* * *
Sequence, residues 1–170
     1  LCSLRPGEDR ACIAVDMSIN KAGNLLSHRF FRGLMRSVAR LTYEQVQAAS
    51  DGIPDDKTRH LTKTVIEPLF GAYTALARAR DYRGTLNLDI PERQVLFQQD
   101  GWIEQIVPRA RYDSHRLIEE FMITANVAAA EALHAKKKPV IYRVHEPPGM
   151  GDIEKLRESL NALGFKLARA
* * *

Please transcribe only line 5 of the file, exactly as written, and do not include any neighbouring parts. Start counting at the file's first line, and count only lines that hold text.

   151  GDIEKLRESL NALGFKLARA